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On Sept. 14, the Hamilton County Court of Common Pleas placed a 14-day restraining order on Senate Bill 23, the six-week abortion ban that outlaws abortion after a fetal heartbeat can be detected. In June, following the overturning of Roe v. Wade by the U.S. Supreme Court, Gov. Mike DeWine signed an executive order that put the bill, originally signed into law in 2019, into effect.
The restraining order was filed through a combined effort of the American Civil Liberties Union, Planned Parenthood Federation of America and WilmerHale, an international law firm that focuses on equal justice. The order restores access to abortions through Wednesday, Sept. 28.
The decision, written by Judge Christian A. Jenkins says that since the 1971 Roe v. Wade decision, there had not been a lot of Ohio case law to determine if abortion was a right under the Ohio Constitution. The decision reads, in part:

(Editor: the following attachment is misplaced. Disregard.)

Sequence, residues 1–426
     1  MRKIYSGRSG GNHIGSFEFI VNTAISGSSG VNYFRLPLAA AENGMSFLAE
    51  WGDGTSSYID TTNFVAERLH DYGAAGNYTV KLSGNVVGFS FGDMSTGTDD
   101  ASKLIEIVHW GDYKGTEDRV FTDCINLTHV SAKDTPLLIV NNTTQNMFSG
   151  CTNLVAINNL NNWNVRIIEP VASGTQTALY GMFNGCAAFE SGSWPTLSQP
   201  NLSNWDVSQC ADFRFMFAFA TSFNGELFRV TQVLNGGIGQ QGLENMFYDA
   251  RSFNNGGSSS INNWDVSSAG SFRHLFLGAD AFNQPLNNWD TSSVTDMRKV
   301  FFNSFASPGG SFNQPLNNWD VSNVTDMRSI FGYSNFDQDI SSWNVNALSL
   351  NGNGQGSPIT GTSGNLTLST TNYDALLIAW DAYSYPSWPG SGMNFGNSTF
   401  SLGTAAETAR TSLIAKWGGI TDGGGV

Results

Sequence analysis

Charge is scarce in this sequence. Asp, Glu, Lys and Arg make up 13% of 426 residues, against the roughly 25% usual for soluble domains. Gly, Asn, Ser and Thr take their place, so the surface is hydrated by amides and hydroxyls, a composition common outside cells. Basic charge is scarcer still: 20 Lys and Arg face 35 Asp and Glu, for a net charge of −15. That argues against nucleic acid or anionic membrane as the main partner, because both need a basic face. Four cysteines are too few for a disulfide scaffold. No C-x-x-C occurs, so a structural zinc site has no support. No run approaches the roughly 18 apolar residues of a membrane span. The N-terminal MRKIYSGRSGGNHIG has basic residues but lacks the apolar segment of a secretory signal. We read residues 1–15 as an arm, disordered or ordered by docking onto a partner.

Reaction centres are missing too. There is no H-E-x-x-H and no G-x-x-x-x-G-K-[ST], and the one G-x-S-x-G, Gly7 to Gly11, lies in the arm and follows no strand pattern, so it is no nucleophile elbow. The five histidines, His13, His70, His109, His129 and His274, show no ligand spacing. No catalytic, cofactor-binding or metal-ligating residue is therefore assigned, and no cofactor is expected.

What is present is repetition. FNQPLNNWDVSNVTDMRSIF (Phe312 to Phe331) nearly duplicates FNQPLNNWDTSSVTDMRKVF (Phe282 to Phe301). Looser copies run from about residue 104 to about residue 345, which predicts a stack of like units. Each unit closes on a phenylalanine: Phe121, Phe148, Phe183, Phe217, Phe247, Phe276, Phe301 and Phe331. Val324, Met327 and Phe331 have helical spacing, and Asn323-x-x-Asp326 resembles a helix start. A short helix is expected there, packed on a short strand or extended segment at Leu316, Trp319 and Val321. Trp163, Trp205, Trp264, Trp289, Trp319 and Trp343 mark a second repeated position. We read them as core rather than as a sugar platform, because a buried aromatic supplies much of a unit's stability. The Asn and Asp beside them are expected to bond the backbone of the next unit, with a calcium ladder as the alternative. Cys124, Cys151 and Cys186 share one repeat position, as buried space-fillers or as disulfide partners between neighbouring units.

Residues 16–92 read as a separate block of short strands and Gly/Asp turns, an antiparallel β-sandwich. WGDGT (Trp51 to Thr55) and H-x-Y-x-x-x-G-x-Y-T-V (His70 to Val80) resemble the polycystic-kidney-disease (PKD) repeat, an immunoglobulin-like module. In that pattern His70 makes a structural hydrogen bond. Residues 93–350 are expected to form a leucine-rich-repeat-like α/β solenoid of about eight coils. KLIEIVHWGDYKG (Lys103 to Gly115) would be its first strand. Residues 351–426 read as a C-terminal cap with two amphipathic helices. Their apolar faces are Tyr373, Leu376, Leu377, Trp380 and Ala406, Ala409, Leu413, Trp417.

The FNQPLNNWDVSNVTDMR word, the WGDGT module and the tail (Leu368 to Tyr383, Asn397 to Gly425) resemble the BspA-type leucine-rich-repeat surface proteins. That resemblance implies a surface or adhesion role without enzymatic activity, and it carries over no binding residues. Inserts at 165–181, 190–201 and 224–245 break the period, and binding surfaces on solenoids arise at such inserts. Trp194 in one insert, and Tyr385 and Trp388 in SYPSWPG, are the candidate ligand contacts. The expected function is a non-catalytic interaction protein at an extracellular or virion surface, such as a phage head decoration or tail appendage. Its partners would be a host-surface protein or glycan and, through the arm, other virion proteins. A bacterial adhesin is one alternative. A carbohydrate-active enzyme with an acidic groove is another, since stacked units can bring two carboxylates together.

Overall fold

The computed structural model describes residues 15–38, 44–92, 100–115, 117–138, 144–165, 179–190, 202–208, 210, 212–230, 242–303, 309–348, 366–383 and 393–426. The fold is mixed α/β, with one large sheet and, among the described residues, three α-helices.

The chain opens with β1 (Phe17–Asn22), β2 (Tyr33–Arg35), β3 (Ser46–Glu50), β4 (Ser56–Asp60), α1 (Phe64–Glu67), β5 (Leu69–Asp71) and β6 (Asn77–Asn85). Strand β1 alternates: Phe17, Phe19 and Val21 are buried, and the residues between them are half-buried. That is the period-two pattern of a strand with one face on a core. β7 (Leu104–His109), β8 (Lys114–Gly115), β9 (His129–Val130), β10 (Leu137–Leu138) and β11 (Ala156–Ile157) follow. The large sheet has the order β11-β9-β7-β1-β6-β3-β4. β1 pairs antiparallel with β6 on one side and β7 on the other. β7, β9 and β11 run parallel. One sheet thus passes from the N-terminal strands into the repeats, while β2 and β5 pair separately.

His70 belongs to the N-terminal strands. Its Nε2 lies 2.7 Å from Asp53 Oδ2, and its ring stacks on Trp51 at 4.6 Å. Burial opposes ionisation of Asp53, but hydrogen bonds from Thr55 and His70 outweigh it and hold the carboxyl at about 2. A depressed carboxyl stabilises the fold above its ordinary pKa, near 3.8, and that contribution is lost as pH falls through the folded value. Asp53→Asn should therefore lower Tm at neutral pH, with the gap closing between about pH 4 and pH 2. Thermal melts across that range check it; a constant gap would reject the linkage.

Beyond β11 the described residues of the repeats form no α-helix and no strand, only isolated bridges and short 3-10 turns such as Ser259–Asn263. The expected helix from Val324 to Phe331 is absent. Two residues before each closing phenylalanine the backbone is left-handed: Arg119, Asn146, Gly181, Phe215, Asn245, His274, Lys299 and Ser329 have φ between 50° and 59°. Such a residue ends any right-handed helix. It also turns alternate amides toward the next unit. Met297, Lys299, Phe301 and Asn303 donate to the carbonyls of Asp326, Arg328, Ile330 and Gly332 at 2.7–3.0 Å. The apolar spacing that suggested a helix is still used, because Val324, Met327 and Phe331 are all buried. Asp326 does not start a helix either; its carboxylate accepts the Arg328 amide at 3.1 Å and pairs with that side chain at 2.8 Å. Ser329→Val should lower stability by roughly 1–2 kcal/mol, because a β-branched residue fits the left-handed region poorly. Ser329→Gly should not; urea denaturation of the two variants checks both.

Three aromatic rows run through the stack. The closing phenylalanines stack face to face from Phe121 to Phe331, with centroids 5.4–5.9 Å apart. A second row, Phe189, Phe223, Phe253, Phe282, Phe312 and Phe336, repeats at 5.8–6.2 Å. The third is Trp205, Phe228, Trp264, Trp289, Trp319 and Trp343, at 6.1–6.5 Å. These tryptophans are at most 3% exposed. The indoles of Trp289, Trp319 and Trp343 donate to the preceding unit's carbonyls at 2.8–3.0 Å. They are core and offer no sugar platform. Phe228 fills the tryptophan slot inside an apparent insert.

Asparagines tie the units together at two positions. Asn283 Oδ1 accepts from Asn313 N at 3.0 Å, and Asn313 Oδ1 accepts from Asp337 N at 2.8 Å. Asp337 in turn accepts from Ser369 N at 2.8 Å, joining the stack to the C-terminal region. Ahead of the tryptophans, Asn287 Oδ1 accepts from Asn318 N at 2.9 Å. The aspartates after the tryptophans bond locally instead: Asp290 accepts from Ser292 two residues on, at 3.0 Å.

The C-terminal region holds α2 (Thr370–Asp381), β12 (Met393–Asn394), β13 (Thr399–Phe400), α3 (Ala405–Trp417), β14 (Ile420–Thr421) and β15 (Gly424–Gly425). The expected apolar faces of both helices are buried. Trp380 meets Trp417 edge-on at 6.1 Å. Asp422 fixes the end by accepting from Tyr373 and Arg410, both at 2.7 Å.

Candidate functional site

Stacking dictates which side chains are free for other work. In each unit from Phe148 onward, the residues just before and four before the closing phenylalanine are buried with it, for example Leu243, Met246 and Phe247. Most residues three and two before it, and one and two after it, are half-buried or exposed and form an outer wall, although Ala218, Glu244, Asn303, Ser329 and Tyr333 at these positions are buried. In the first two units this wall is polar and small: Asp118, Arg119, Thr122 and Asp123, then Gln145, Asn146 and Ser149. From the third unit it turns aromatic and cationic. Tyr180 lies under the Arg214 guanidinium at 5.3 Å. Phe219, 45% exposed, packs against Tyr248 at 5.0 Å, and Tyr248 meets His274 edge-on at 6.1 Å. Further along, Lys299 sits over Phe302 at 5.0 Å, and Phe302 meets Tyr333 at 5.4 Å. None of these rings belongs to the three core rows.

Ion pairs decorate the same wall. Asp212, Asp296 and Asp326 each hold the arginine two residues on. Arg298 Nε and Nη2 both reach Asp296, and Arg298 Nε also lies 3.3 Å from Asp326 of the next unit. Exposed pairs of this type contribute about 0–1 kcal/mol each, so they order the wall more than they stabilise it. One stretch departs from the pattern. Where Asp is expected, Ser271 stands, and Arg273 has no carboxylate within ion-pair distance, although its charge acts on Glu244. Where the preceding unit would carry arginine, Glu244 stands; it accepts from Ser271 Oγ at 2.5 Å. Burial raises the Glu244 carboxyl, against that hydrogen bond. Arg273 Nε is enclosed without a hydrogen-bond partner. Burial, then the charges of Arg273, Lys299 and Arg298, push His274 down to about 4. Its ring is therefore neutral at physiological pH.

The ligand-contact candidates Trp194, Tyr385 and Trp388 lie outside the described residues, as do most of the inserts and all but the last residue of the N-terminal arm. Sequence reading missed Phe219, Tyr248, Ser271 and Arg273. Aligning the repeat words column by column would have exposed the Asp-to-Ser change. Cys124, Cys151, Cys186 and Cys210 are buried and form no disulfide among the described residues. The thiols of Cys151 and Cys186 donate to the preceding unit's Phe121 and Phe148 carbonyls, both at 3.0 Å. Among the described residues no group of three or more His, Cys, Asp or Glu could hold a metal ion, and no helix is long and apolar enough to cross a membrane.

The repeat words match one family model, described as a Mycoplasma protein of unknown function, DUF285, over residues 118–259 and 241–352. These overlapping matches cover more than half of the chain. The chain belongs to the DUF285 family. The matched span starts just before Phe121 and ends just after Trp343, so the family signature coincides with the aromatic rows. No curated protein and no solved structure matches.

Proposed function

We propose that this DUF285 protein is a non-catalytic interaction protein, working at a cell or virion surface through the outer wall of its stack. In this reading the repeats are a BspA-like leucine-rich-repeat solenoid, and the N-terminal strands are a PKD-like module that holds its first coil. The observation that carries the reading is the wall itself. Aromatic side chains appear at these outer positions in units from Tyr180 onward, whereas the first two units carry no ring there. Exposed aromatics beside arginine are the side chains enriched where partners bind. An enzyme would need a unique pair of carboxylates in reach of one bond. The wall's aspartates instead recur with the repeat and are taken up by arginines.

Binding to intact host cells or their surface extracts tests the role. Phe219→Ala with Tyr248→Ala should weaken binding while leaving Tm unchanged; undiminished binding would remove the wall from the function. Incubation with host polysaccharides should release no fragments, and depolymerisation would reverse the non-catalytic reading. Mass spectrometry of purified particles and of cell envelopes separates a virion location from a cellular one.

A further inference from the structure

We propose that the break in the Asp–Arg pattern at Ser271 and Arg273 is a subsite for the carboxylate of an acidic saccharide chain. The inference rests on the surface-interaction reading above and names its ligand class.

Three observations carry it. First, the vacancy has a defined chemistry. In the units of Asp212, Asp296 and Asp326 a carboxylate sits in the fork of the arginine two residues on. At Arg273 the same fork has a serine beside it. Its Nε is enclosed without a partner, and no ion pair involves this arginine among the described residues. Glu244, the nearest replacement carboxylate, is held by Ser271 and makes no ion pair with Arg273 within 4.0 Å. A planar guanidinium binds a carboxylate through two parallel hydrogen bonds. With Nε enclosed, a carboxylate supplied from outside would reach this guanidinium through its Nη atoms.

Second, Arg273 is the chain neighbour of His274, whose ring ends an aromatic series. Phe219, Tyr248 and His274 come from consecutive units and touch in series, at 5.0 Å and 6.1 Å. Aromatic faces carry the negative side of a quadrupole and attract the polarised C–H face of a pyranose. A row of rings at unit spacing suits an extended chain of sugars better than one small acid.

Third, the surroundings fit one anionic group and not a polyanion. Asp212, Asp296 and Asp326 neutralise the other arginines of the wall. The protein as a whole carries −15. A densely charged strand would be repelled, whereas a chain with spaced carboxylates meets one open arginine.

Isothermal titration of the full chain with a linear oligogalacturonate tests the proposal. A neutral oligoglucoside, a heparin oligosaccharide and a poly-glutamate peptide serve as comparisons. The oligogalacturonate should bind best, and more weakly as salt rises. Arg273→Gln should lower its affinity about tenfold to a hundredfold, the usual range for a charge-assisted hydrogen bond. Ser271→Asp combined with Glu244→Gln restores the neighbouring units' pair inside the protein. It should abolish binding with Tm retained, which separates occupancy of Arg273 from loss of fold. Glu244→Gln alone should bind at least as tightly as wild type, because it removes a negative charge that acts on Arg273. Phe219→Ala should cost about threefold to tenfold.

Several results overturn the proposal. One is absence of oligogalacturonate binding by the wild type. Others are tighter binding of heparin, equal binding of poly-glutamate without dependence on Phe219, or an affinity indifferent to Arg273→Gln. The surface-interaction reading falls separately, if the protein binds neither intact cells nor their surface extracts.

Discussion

“S.B. 23 does not violate the U.S. Constitution as recently interpreted in the Dobbs decision, but it may violate the Ohio Constitution. So far as this court can tell, no Ohio court has directly addressed the issue, so this court will.”
The decision goes on to say that the rights to privacy, procreation, bodily integrity and freedom of choice in healthcare decision-making are fundamental rights under Ohio law. Citing the 2011 Health Care Freedom Act, or HCFA, amendment to the Ohio Constitution, which at the time was written to undermine the Affordable Care Act, the Hamilton County court determined that the language in the Act prohibits Ohio lawmakers from regulating the types of healthcare Ohioans can access.
“The HCFA represents an express constitutional acknowledgement of the fundamental nature of the right to freedom and privacy in healthcare decision making,” the decision says.